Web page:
If you like watersports and beaches, Vancouver has no shortage, even right near downtown!. The main downtown core’s most populated beach attractive to people of all ages, is English Bay (Beach Avenue between Gilford and Bidwell Streets), further west, on the Stanley Park Seawall with a heated pool is Second Beach. Even further west in the Park is Third Beach. A Great spot for quiet bathing, picnic suppers and sunsets. Southeast of English Bay and back towards Yaletown is Sunset Beach, which is designated as a quiet beach (i.e. no amplified music).

If you’re looking for a beach that has more action and younger people then head west from downtown to Kitsilano Beach (Waterfront north end of Yew St.). The next beach going south would be Jericho Beach (Between North ends of Wallace and Discovery St.), then another quiet beach Locarno (West of Trimble to Tolmie St. on NW Marine Dr.) and finally the Spanish Banks (West of Tolmie St. on NW Marine Dr.) The Spanish Banks are a series of three beaches (Spanish Bank East, Spanish Bank Extension and Spanish Bank West), the furthest west of which is a quiet beach. Going south, from Vancouver, you can walk the mother of all beaches in the Vancouver area at White Rock

Depending on your choices in bathing; UBC is right above Vancouver’s Wreck Beach, recently included in the Canadian Broadcasting Corporation’s (CBC) top 52 short-list, for the Seven Wonders of Canada. This would be due to the “nativist” (i.e. nudist) use by the bathers. In the final vote, Wreck Beach got 7143 votes and was well out of the Top 7! “USA Today” in it’s “10 great places to leave the swimsuit at home” declared…”Wreck Beach, Canada’s first and largest legal clothing-optional beach, is so spectacularly beautiful that it is a mecca for tourists from all over the world…The confluence of the Fraser River with the Straits of Georgia and English Bay, under white cliffs and an emerald-green forest, attracts more than 500,000 visitors annually.”

For a longer urban excursions, going north in the Vancouver area, you can go to Vancouver’s oldest tourist attraction, The Capilano Suspension Bridge and walk across the 137 metre bridge, 70 metres above Capilano River. You can also take the Treetops Adventure, the newest of Capilano Suspension Bridge’s attractions and the first venue of its kind in North America, where you can venture from one magnificent Douglas fir tree to another on a series of elevated suspension bridges, some reaching as high as 100 feet (30m) above the forest floor. There is a Totem Pole park and a First Nations’ Cultural Centre, where you can watch as First Nations legends are chiseled into cedar and shared with guests with traditional weaving and bead work also being demonstrated through the day.

If you’re looking for similar attractions, with possibly not as many tourists, try Lynn Canyon Park. it’s also in the Capilano area of the region. The park offers 617 acres of forest, trails and a suspension bridge that’s 50 meters above the river.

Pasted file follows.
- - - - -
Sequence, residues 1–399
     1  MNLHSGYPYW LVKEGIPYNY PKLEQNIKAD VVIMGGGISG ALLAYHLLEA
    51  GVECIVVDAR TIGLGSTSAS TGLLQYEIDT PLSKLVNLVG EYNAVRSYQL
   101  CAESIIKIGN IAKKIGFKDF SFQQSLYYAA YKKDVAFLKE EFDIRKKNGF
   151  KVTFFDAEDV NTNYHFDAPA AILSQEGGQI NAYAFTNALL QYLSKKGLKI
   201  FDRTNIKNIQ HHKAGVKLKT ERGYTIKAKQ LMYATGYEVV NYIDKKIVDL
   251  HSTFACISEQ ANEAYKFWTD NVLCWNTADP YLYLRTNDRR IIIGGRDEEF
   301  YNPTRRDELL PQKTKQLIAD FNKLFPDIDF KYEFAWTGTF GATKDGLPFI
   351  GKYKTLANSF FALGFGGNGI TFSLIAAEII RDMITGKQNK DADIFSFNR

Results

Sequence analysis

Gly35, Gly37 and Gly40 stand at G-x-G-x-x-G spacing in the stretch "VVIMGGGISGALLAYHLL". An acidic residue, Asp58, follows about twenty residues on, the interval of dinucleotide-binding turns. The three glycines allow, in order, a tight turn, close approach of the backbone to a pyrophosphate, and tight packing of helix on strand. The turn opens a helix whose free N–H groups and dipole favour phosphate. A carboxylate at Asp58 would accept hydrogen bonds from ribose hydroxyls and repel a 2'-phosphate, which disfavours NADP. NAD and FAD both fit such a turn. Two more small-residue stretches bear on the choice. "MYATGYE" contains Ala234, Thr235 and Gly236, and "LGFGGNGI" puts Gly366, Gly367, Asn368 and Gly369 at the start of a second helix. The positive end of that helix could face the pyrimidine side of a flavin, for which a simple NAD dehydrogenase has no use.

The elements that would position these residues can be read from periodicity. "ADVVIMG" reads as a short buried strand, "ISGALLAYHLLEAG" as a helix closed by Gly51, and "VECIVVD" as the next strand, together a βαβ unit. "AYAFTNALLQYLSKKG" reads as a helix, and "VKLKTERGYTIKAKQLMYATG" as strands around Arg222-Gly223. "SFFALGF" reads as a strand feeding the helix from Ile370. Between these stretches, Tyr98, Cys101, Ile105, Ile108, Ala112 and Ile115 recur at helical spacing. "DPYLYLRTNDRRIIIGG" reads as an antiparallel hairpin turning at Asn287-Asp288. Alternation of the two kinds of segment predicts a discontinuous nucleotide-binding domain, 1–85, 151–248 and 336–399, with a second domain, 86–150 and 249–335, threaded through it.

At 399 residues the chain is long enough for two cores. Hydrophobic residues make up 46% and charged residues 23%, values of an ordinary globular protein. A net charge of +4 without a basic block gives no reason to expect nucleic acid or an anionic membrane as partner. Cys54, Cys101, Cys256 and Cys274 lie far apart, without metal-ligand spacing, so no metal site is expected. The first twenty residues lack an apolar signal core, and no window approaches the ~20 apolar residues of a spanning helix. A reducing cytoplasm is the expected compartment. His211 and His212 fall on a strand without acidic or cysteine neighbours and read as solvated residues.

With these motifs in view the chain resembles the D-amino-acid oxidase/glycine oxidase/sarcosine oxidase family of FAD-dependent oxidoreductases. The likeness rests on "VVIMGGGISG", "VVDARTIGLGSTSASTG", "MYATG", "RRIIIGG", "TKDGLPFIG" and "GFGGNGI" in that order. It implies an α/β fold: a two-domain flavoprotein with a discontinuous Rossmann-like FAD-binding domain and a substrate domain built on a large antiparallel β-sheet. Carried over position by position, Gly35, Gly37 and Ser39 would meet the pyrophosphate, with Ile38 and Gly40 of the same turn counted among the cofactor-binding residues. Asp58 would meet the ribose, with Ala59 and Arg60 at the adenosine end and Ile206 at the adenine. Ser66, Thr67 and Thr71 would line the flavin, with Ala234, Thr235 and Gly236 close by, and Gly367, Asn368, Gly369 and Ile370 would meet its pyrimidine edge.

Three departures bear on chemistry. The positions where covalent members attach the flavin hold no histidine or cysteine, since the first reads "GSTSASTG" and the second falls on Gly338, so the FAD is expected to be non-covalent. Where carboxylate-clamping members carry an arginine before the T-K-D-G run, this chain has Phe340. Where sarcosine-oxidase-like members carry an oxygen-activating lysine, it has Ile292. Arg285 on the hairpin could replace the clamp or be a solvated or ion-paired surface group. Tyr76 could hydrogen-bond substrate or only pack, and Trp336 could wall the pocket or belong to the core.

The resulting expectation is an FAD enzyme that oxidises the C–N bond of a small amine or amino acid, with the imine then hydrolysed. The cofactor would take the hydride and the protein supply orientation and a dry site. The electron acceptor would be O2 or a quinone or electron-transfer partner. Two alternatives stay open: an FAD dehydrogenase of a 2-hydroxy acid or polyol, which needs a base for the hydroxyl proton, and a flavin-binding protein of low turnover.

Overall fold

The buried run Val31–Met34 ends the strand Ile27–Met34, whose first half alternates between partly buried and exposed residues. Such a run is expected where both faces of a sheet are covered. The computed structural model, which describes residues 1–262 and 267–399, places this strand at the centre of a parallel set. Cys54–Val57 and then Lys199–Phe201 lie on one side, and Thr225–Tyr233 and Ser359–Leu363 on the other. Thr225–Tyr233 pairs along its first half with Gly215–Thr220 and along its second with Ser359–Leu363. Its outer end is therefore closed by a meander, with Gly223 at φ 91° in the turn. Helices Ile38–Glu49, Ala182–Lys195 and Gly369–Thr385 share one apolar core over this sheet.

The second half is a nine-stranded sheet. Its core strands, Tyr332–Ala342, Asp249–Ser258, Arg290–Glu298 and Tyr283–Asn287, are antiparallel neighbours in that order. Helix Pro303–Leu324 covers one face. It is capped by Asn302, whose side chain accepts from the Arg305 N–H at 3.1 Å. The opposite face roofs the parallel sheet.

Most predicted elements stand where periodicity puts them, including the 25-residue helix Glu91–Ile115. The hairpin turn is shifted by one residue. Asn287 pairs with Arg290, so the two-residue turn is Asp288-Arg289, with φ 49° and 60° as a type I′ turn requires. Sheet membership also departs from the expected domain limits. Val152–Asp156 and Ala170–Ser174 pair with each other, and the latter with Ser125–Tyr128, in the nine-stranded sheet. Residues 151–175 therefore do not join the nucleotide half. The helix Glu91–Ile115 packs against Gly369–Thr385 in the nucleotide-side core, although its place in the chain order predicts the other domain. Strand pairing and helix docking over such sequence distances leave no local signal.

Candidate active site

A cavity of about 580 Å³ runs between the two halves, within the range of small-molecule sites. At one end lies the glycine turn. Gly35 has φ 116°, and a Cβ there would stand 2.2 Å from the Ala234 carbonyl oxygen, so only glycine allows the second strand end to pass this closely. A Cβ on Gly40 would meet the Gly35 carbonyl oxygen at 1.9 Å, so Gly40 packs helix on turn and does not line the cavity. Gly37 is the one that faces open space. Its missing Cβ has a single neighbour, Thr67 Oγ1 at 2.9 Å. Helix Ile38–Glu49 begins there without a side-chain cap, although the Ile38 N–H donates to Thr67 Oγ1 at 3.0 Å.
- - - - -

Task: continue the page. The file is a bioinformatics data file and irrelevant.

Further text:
Many tourists to the Vancouver area take the sky tram up to Grouse Mountain, for a bird’s eye view of Vancouver, as well as dining, hiking, skiing. Skiers go to Whistler-Blackcomb the site of the downhill skiing, for the 2010 Winter Olympic Games. The mountains north of Vancouver, also offer opportunities for climbers

Also north of Vancouver, is the natural Keyhole Falls/Pebble Creek hot springs, near Pemberton and at Squamish, fans of steam locomotives will enjoy the West Coast Railway Heritage Park operated by the West Coast Railway Association. The WCRA also organizes various rail tours throughout the west coast and operates the Locomotive 374 Pavilion in Vancouver where the historic locomotive 374, which pulled the first train into Vancouver in 1887, is open daily to the public in a pavilion at the Roundhouse Community Centre.

If you’re a sports fan and plan to visit Vancouver, be sure to take-in a 3 down, Canadian Football League (CFL) BC Lion’s game at BC Place, The stadium has had major renovation, with a state-of-the-art retractable roof being installed. Vancouver also has top ranked soccer with it’s Whitecaps FC. For baseball fans, The Vancouver Canadians are the major league Oakland Athletics, affiliate in the Northwest League and they play at Nat Bailey Stadium.

During the winter you can see the National Hockey League Vancouver Canucks at Rogers Arena, also the home of the National Lacrosse League’s Vancouver Ravens. As well there is great skiing at Whistler Blackcomb.

Many of the famous Alaska cruise lines, also depart from Vancouver (beginning in June of each year), with spectacular scenery, glaciers and possible opportunities for whale watching. The cruises are either one week or two weeks, and there are two routes: the Inside Passage and the Gulf of Alaska, but they both take a similar route for most of the trip—traveling along the easterly coast of a long string of islands up the BC coast, on a waterway known as the Inside Passage.